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October 30, 2001

DESERT BLOOM: Bats in the Desert


Those softly squeaking, flying mammals that come out around sunset.


They are amazing, the only flying mammal in the world, but some people find them frightening. It's no wonder, really. When you remember any Dracula movie, you know that Hollywood has portrayed these important animals as both scary and dangerous. I must admit, I do hang plastic bats around my front door for Halloween, to spook the trick or treaters. But on behalf of bats and bat lovers everywhere, let me say that they have gotten a bad rap, and they just don't deserve it.

There are many myths about bats. For instance the term "blind as a bat." Well, they see quite well. But they also have great sonar, which is why they don't get caught in your hair. No matter what you've heard.

And vampire bats? They only live in Latin America and they don't kill people. In fact, medical researchers are studying them because of the anticoagulants they produce. These might be useful in treating human health problems.

Bats are not related to birds, nor are they mice or any other kind of rodent. They are more closely related to people than to rats. Actually, they are unique unto themselves - they are the Chiroptera. There are nearly one thousand different species of bats in the world, with 44 species in the United States. Twenty of these appear in Nevada.

If you've ever seen a mass of bats flying about when the sun goes down, then you know they are generally social animals. Since they are mammals, the mothers suckle their young. They are fastidious groomers who carry very few parasites. I just found out that some bats greet each other by hugging!

They are vitally important to the desert ecosystem, and to many other environments as well. Bats have been flying around planet Earth for about fifty million years. In the desert, they have evolved alongside the plants and insects that can survive this difficult environment. With all that shared history, these organisms have learned to use each other to one degree or another, and sometimes to rely on each other.

Many of the bats we see around here survive on insects. In a single hour, one brown bat can eat twelve hundred small insects, each the size of a mosquito. You can imagine how much insecticide we'd have to spray to get rid of that many mosquitoes, that fast. They will also eat moths, beetles and spiders, among others. Given the chance, bats will feast on corn earworm, one of the most devastating crop pests in the country. Some garden pests can hear bats 100 feet away, and have learned simply to avoid those places where bats are flying. So bats eat some pests and repel others.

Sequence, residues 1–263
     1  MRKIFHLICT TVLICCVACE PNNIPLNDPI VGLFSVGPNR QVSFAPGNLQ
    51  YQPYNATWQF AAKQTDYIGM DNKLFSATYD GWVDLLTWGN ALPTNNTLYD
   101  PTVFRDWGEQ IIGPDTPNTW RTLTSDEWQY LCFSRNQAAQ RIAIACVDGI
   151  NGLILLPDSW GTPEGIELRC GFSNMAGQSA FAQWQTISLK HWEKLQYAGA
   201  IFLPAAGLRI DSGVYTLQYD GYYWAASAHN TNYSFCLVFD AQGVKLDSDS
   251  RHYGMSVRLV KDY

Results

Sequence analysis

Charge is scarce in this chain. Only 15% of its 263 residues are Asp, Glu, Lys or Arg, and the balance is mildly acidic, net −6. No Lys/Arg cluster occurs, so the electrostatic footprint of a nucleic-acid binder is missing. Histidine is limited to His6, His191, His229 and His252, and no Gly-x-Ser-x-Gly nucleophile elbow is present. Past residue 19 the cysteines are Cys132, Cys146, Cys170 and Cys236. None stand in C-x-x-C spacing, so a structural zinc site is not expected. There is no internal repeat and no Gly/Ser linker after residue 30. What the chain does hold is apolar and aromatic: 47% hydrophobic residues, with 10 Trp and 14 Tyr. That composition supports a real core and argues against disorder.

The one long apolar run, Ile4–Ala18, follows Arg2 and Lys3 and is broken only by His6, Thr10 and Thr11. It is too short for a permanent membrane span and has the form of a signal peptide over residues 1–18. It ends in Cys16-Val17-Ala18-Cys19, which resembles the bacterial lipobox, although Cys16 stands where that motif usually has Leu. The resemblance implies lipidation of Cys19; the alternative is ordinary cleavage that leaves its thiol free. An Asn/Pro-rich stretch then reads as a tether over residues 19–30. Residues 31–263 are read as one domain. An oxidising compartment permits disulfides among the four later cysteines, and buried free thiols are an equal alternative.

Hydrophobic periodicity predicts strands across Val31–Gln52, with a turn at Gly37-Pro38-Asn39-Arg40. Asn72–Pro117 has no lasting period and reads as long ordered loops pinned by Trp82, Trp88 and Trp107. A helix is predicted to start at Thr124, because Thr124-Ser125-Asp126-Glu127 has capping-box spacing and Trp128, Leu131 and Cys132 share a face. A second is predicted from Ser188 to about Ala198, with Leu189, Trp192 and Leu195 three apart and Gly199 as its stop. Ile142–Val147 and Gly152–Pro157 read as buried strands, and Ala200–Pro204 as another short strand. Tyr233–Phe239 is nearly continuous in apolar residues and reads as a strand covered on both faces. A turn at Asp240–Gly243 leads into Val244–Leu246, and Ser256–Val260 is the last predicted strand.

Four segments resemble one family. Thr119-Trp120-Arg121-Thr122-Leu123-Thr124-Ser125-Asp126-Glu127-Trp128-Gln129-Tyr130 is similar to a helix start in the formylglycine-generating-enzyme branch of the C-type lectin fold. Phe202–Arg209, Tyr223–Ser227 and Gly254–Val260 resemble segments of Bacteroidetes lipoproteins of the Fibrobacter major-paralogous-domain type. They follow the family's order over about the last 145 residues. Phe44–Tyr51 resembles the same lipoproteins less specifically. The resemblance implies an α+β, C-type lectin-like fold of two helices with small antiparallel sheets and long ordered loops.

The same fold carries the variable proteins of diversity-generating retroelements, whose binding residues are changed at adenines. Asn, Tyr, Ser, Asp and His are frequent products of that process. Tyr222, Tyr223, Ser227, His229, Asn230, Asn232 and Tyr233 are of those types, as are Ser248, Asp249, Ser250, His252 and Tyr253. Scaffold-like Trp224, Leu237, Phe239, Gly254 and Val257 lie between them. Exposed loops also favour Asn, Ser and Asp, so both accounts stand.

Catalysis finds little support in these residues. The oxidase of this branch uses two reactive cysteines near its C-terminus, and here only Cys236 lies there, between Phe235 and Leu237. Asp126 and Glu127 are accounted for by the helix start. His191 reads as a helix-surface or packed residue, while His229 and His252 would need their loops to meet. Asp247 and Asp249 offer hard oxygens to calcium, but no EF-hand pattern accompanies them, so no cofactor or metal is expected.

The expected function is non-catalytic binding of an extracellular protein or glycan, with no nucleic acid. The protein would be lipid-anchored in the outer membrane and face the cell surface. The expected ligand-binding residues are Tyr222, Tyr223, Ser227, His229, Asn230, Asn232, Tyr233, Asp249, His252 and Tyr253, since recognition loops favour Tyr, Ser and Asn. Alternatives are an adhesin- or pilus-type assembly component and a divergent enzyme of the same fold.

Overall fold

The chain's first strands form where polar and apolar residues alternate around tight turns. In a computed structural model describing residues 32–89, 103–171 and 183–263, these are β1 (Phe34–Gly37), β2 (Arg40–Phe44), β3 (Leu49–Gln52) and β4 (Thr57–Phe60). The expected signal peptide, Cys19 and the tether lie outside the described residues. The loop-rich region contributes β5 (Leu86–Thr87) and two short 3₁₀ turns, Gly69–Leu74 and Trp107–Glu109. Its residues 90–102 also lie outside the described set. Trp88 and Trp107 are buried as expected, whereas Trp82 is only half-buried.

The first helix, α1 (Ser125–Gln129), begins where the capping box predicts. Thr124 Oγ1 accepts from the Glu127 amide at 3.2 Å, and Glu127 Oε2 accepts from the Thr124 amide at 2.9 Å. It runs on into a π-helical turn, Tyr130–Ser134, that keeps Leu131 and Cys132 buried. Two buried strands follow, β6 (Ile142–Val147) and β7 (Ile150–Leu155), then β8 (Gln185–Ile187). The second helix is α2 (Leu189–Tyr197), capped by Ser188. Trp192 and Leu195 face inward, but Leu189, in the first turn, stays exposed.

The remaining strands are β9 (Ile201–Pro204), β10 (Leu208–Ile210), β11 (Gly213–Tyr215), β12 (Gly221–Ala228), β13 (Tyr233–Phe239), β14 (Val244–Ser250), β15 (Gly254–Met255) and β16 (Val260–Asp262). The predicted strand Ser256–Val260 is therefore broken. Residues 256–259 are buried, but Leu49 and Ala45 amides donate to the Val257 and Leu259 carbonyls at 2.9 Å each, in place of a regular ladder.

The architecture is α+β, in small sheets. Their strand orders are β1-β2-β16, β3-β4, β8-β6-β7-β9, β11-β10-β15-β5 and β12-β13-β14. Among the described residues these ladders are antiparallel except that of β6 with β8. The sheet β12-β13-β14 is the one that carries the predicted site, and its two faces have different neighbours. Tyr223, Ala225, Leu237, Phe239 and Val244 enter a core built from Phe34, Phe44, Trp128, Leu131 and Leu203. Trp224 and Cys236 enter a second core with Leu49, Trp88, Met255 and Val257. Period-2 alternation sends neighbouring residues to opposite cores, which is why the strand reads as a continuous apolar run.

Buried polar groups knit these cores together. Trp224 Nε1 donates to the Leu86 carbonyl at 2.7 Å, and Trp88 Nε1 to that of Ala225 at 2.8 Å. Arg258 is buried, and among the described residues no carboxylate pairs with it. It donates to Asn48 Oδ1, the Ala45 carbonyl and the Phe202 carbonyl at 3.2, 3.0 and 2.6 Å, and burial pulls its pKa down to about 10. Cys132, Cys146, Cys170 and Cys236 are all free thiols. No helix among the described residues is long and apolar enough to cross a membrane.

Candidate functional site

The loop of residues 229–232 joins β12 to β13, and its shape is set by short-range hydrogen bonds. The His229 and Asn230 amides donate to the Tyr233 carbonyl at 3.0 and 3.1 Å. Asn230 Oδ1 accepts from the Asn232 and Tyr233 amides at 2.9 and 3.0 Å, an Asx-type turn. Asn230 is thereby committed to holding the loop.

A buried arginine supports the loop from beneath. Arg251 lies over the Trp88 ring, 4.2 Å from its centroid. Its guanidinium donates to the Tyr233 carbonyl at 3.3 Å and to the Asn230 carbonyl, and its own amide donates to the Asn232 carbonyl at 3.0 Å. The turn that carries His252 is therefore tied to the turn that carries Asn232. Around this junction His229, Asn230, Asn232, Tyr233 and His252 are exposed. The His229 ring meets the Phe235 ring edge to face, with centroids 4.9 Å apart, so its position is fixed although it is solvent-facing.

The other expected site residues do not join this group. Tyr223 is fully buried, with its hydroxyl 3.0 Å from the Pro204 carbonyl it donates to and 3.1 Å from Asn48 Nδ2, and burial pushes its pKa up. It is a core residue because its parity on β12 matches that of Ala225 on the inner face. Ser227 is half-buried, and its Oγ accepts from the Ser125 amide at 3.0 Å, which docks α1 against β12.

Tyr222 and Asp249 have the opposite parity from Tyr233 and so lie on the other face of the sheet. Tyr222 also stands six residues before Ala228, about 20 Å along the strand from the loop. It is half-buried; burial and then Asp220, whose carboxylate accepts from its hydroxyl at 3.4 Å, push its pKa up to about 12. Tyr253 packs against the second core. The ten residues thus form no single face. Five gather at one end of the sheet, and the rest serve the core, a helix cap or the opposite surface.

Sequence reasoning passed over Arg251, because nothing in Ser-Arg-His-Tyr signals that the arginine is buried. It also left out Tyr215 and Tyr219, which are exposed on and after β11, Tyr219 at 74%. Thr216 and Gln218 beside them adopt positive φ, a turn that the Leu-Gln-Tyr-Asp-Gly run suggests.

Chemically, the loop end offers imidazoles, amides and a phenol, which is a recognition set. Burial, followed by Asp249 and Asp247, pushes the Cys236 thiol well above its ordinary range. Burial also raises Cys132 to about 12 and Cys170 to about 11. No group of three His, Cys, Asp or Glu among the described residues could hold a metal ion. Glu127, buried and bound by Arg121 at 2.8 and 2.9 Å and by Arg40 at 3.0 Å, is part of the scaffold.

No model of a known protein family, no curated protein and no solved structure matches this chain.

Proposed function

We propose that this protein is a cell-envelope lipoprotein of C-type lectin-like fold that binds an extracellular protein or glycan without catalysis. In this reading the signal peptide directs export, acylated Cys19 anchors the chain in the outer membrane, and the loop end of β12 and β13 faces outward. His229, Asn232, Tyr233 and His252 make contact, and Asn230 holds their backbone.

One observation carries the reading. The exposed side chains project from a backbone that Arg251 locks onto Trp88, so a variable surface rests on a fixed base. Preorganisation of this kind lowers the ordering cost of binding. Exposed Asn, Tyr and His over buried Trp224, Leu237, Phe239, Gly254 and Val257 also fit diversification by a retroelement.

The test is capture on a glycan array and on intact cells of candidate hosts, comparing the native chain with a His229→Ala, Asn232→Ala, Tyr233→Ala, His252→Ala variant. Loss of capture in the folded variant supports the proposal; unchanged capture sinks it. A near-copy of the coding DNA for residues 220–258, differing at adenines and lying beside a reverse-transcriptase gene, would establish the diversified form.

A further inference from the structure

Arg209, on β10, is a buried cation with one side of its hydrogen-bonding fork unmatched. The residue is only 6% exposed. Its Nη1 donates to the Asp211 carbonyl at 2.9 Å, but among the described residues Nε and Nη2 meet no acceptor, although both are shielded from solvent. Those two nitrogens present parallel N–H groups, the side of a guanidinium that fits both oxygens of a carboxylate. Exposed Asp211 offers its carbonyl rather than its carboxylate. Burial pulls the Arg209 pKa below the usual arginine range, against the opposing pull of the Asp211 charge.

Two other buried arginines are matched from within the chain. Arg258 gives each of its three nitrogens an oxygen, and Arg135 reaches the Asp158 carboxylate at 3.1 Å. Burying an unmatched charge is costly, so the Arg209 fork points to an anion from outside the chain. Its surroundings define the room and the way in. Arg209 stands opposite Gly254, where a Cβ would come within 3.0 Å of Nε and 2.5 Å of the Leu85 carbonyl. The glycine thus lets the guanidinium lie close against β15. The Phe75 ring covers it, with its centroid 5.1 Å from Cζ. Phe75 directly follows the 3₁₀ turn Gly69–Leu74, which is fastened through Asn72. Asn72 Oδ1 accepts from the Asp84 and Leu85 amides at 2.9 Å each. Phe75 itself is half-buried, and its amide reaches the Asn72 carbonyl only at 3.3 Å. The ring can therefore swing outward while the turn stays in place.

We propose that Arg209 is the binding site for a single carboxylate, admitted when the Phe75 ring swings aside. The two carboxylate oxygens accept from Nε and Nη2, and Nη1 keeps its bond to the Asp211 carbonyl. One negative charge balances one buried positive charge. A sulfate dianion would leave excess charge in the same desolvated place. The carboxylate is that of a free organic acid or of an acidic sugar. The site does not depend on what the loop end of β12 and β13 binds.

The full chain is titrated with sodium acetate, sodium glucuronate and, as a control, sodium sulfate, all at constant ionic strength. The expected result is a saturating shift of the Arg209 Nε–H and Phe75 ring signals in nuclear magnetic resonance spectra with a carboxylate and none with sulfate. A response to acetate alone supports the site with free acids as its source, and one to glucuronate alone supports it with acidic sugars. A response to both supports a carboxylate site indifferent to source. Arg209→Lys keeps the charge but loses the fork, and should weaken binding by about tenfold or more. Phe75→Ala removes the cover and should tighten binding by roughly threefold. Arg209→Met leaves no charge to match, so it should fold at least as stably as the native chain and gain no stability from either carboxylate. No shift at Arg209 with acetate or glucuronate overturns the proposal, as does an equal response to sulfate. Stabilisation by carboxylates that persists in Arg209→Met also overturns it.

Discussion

Not only do bats help to keep down the populations of noxious and annoying insects, they also help desert plants to survive. A number of different cacti, agave and yuccas rely on bats to pollinate their flowers. This is how the plants are able to create seeds, and reproduce.

Bats have problems, though. When their habitats are destroyed, they have no place to roost. As a result, they sometimes move into people's homes, between walls and into crawl spaces, which does not make them popular. Bats fly after insects, which are often attracted to street or house lights. That also makes them less than popular with people who don't know how important and not dangerous bats are.

More than half the American species are either threatened or endangered. A lot of the threat to bat survival comes from the fact they are eating insects that have been sprayed with pesticides. Habitat loss is another calamity. Given all this information about how terrific bats are, I'm sure that you are now thinking to yourself, "How can I help safeguard our local bat population?"

Researchers are finding that providing bat houses for roosts can be effectively restore habitat. There are many plans for building these on the web at, or you can buy one at a garden supply. You might want to make sure that the bat house is not next to your own. To attract bats (or to attract insects that bats like to eat), plant some lemon balm and mint, salvia, or almost any plant that blooms late in the day or early evening. If you must contact someone to get bats out of your house, make sure the person is informed about any of the proper methods for bat proofing a building, and will not just spray your house with pesticide.

Finally, bats are no more likely to spread rabies than any other animal. The way to avoid getting bat rabies is not to pick up a bat. If you can pick it up, then there is a good chance it is sick. Call animal control instead.

For KNPR's Desert Bloom, this is Dr. Angela O'Callaghan of University of Nevada Cooperative Extension.


See discussion rules.


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